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7 reasons why you should avoid oral piercings

7 reasons to avoid oral piercings

Getting body piercings has become popular as a form of individual expression. What some people don’t know is that an oral piercing, placed on the tongue, lips or cheek involves greater risks than those placed in the ear, skin and other body parts. We know, piercing is a hot fashion trend, but before piercing somewhere inside the mouth, we recommend talking to your dentist and ask:

What are the risks of oral piercings?

You may not know the side effects of oral piercings and must be aware of the risks, which are much more than just malocclusion. These include (but are not limited to):

  1. Infections: Our mouths contain millions of bacteria that can grow most rapidly, causing infections after the placement of an oral piercing. Plus, because of the amount of bacteria, your breath may not be as fresh anymore. Eew!
  2. Pain and swelling: These are common symptoms of oral piercings. In more severe cases, a swollen tongue can actually close off the airway and restrict breathing, causing fear and panic and even death!
  3. Long term damage to teeth: Contact with jewellery can fracture teeth and may cause tooth loss. Teeth with fillings and crowns can also be damaged by metal parts.
  4. Interference: Beyond increased saliva production, the jewellery get in the way when you speak and can cause chewing problems, interfering with healthy eating.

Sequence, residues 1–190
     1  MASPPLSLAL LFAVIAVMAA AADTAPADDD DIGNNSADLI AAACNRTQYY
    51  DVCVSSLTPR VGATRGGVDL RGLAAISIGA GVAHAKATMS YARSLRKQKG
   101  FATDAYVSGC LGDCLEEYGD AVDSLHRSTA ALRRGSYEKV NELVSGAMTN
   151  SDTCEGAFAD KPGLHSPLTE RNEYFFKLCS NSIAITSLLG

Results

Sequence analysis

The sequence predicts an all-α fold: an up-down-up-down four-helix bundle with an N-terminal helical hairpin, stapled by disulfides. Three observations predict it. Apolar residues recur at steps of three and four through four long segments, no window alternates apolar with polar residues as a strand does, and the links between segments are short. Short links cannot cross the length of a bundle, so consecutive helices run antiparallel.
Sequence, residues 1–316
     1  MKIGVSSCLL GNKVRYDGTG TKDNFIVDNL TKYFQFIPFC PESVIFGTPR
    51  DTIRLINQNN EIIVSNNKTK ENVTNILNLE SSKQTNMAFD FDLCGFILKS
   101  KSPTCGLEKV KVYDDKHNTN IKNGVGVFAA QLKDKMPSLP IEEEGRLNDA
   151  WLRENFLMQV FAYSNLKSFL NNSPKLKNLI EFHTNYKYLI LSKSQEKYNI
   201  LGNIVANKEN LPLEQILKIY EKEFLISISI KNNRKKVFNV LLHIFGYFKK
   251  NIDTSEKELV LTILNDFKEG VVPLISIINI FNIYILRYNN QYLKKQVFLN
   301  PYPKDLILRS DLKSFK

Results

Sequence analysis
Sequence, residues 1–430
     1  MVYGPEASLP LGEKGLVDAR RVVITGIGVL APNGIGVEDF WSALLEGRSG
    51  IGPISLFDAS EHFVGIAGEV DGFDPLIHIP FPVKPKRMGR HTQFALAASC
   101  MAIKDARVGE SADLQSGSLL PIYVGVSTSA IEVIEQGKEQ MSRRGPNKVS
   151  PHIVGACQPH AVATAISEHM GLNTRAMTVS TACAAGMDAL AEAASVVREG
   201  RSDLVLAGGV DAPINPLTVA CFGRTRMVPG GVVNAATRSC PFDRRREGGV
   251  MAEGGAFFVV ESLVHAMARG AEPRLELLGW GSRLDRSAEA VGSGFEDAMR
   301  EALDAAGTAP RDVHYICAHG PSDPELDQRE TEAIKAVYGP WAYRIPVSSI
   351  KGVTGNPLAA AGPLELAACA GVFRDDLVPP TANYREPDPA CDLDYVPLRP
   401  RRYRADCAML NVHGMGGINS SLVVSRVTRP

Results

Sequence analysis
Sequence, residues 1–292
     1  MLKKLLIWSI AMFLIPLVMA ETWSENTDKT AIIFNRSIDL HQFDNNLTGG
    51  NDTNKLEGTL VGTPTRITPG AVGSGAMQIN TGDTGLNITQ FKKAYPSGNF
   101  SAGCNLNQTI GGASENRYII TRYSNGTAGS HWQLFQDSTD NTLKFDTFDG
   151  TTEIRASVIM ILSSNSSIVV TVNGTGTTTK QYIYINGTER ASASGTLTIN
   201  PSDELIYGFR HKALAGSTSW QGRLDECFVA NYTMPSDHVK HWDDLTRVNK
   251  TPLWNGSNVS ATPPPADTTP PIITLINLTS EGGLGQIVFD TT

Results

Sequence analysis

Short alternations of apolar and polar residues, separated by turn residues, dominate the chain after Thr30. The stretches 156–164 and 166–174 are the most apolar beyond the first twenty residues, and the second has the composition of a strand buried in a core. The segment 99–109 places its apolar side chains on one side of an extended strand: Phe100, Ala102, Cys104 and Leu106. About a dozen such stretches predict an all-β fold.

5. Injury to the oral mucosa: The metal parts may not only hurt the gum tissue, which is quite delicate, but they can also cause gum recessions. In addition to looking very unattractive, it can make your teeth more vulnerable to decay and/or periodontitis, which can cause tooth loss.
  6. The Tongue has an excellent blood supply, which is directly connected with the heart. Tongue Piercings lead to risk of:
  • Prolonged bleeding: If an artery or vein is punctured by the needle during the piercing placement procedure, it can cause bleeding difficult to be controlled, with excessive blood loss.
  • Endocarditis: Tongue piercings can cause endocarditis, an infection of the heart valves or tissues. The wound caused by piercing can be an open gateway for bacteria to enter into your bloodstream from the mouth and reach the heart.

reasons to avoid oral piercing

If you can’t beat them, join them

So if the patient insists on the use of oral piercing, there are a few guidelines to try to avoid problems:

The perfect hygiene: after each meal, brush your teeth and give greater attention to the area where the piercing was placed. Remove the ornament, brush your teeth, floss, sanitize the tongue and inner cheeks with a brush and then brush the piercing as a dental prosthesis before putting it in place.

Leave the piercing “alone”: don’t play with it between your teeth, twist or touch the piercing with your hands, as these types of habits increase the risk of trauma and infection to the mucosa.